30 Years of the Virginia Hamilton Conference

“Pearls of Wisdom:

Celebrating 30 Years of the Virginia Hamilton Conference”

The 30th Annual Virginia Hamilton Conference on Multicultural Literature for Youth will be held on Thursday, April 3, and Friday, April 4, 2014, at the Kent State University Student Center. The conference provides a forum for discussion of multicultural themes and issues in literature for children and young adults. Pearls of Wisdom: Celebrating 30 Years of the Virginia Hamilton Conference” is the theme for this year’s conference, which will feature the remarkable Christopher Paul Curtis, the talented Andrea Davis Pinkney and the amazing illustrator, David Diaz.  The Virginia Hamilton Conference is pleased to be a forum that brings together renowned national and local writers, illustrators, librarians, teachers, students and scholars and showcases some of the country’s top talents in multicultural literature for youth. The April 3 evening program includes a pasta dinner, a keynote address by the 16th Annual Virginia Hamilton Literary Award winner Christopher Paul Curtis, followed by a performance. Friday, April 4, features a full complement of workshops and keynote addresses by the authors.

Contact the Office of Continuing and Distance Education at (330) 672-3100 or register on-line at http://www.yourtrainingresource.com    (Click Programs, Conference).

For more information visit the conference Web site at http://www.kent.edu/virginiahamiltonconference/index.cfm.

Virginia Hamilton Grant

Virginia Hamilton and Arnold Adoff

Creative Outreach Grant

For Teachers and Librarians

The 7th Annual Virginia Hamilton and Arnold Adoff Creative Outreach Grants for Teachers and Librarians call for proposals is on its way.  Two grants up to $1,000 each will be given. One grant will be given to a teacher and another to a librarian for proposals to develop new classroom or library programs that raise awareness of multicultural literature among young people, particularly but not exclusively, through the works of Virginia Hamilton. The application deadline is February 28, 2012.  For complete instructions and proposal guidelines, see the application available on the conference Web site: http://virginiahamilton.slis.kent.edu/awards.html.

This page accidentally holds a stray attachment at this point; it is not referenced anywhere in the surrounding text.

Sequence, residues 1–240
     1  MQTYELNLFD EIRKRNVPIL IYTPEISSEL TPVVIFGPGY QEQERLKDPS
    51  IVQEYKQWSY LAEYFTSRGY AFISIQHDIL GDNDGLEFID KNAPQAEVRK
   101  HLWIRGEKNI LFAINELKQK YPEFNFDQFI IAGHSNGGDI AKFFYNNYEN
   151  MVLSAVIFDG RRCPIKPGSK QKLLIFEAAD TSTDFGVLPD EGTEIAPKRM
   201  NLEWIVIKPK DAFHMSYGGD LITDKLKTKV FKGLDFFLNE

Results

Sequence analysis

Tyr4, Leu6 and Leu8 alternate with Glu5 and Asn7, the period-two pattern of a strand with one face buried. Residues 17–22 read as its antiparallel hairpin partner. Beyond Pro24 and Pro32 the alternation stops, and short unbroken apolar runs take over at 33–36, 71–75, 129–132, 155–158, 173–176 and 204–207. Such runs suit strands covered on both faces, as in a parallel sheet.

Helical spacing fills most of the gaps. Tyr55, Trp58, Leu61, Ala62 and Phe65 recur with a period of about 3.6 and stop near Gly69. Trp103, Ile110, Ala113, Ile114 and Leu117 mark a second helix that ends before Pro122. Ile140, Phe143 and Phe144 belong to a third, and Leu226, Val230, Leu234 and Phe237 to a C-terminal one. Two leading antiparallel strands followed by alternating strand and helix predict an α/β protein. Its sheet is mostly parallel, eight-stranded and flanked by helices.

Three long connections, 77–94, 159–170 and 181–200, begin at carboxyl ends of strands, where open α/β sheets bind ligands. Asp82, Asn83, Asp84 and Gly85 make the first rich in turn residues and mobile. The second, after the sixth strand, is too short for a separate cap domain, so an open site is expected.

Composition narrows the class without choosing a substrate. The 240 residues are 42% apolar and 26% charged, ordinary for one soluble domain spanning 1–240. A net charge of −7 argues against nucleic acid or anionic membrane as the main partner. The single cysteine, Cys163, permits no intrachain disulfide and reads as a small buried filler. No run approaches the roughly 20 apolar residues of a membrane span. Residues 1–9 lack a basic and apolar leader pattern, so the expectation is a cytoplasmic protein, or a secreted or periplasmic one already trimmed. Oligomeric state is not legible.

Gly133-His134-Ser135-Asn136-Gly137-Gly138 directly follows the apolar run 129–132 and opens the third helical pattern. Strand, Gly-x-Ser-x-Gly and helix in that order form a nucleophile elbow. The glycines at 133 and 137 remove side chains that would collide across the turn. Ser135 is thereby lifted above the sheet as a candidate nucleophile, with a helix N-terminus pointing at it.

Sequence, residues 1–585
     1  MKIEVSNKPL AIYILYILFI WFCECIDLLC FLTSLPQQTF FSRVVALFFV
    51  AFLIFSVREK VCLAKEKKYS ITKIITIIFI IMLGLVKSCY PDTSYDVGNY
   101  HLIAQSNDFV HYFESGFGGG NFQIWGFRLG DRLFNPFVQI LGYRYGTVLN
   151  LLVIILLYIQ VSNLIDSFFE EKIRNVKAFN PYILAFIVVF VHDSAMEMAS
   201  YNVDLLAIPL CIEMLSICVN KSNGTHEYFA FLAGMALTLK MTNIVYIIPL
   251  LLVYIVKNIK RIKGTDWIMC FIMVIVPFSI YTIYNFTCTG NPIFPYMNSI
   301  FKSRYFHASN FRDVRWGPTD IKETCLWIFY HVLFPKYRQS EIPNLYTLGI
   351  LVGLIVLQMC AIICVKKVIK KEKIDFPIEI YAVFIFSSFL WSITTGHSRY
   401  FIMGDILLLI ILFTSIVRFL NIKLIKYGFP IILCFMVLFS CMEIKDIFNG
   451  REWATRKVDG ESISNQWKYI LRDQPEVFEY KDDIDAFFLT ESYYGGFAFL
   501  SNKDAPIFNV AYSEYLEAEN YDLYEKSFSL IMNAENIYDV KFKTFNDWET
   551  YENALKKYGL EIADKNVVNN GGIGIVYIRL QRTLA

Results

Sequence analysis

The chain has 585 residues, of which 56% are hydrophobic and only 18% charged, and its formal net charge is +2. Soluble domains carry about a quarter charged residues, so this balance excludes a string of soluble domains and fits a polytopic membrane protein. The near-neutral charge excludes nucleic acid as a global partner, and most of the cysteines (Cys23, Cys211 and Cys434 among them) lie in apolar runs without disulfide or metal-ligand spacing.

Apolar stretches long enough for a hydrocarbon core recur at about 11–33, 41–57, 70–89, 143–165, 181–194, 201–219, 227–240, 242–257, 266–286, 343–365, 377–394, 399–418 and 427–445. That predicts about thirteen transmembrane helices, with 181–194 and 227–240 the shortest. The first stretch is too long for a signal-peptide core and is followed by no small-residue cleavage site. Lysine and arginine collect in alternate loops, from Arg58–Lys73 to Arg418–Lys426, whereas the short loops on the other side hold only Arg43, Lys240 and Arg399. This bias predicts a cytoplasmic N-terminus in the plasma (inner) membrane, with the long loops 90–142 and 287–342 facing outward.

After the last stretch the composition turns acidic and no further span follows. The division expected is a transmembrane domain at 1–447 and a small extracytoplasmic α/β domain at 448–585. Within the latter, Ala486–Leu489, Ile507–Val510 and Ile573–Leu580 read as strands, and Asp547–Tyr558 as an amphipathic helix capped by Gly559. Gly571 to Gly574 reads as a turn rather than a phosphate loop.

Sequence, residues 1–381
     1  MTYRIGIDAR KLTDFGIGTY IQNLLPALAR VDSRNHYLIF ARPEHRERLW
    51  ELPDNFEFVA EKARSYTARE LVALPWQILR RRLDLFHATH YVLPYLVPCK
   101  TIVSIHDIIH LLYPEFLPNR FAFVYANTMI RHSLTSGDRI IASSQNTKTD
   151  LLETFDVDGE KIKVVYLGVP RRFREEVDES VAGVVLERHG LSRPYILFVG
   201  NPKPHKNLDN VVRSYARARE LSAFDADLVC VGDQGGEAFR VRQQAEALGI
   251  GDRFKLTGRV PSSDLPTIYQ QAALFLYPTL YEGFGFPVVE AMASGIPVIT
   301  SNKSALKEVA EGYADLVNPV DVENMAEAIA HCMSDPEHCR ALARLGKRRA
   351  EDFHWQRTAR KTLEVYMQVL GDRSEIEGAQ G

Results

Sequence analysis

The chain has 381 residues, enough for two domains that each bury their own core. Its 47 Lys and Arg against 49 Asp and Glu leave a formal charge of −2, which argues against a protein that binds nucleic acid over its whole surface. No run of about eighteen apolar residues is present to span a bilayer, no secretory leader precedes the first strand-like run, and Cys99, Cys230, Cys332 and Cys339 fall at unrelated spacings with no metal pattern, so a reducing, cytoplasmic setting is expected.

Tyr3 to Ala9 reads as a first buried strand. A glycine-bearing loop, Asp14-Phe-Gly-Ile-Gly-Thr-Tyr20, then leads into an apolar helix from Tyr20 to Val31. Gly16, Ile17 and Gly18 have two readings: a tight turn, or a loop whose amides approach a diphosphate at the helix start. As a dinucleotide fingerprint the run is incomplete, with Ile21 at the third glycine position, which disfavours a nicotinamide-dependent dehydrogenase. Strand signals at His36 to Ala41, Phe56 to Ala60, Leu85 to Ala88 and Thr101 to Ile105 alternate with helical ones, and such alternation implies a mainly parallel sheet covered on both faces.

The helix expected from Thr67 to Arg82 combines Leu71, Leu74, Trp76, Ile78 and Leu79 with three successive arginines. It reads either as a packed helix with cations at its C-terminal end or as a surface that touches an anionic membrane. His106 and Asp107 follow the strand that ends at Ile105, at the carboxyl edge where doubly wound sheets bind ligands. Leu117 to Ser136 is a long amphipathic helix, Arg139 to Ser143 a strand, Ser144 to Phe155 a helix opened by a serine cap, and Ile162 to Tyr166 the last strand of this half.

Please complete and submit the application form along with your proposal. Librarians and teachers should send their application form and proposal to Dr. Meghan Harper (sharper1@kent.edu), Virginia Hamilton and Arnold Adoff Creative Outreach Grant, School of Library and Information Science, P.O. Box 5190, 314 Library, Kent State University, Kent, Ohio 44242.  Grant recipients will be announced at the Virginia Hamilton Conference on Multicultural Literature for Youth on Friday, April 13, 2012, at the Kent State Student Center.

The 28th Annual Virginia Hamilton Conference on Multicultural Literature for Youth is scheduled for April 12 and 13, 2012, at the Kent State University Student Center. The conference provides a forum for discussion of multicultural themes and issues in literature for children and young adults. “Celebrating Diversity: Sharing Our Stories” is the theme for this year’s conference, which will feature the remarkable Alma Flor Ada, the talented Lisa Yee and the amazing illustrator E.B. Lewis.

Marching Womens History: Birthdays

Happy 12 March birthday to Virginia Hamilton and Naomi Shihab Nye

I really needed a smile today. It’s beginning to feel like this world is falling apart and I just wanted a feel good kind of thought. So, I found some really nice things by these wonderful ladies. I hope they make you feel good, too.

Naomi Shihab Nye was born in 1952 to a Palestinian father and American mother. She is a poet most know for her published collections of poems and anthologies.

Virginia Hamilton was a distinguished writer of children’s books. She lived from 1934-2008.

SundayMorningReads

It’s a cool morning here in the heartland. I spent much of the day yesterday, a beautiful, sunny warm day, driving home from the Virginia Hamilton Conference in Kent OH. Kent is to the north and east of me, thus leading me to light snowflakes when the temperatures fell on Friday. It’s cool here in IN today, but thankfully not that cold! I’m meeting a friend later to get our exercise program going full swing. Right now, I have a recap of the Virginia Hamilton Conference.

I remember reading Virginia Hamilton‘s The People Who Could Fly to my children when they were young. She’s always been special to me and I eagerly anticipated this conference.